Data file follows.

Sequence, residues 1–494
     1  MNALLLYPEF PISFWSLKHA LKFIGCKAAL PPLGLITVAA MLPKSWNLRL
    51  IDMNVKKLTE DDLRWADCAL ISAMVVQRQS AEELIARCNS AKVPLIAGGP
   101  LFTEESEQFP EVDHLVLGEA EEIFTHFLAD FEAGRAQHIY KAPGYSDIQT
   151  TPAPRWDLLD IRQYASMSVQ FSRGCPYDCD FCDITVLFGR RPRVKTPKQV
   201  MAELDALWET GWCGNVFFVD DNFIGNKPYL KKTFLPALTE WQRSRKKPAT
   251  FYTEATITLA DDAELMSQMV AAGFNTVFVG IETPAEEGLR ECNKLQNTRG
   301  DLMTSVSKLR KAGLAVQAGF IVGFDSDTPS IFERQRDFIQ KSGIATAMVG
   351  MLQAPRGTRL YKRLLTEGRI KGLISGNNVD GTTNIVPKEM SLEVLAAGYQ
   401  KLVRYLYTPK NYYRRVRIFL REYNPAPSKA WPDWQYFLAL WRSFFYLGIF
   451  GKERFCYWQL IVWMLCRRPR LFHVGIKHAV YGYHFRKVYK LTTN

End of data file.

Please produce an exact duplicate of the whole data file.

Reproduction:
Sequence, residues 1–494
     1  MNALLLYPEF PISFWSLKHA LKFIGCKAAL PPLGLITVAA MLPKSWNLRL
    51  IDMNVKKLTE DDLRWADCAL ISAMVVQRQS AEELIARCNS AKVPLIAGGP
   101  LFTEESEQFP EVDHLVLGEA EEIFTHFLAD FEAGRAQHIY KAPGYSDIQT
   151  TPAPRWDLLD IRQYASMSVQ FSRGCPYDCD FCDITVLFGR RPRVKTPKQV
   201  MAELDALWET GWCGNVFFVD DNFIGNKPYL KKTFLPALTE WQRSRKKPAT
   251  FYTEATITLA DDAELMSQMV AAGFNTVFVG IETPAEEGLR ECNKLQNTRG
   301  DLMTSVSKLR KAGLAVQAGF IVGFDSDTPS IFERQRDFIQ KSGIATAMVG
   351  MLQAPRGTRL YKRLLTEGRI KGLISGNNVD GTTNIVPKEM SLEVLAAGYQ
   401  KLVRYLYTPK NYYRRVRIFL REYNPAPSKA WPDWQYFLAL WRSFFYLGIF
   451  GKERFCYWQL IVWMLCRRPR LFHVGIKHAV YGYHFRKVYK LTTN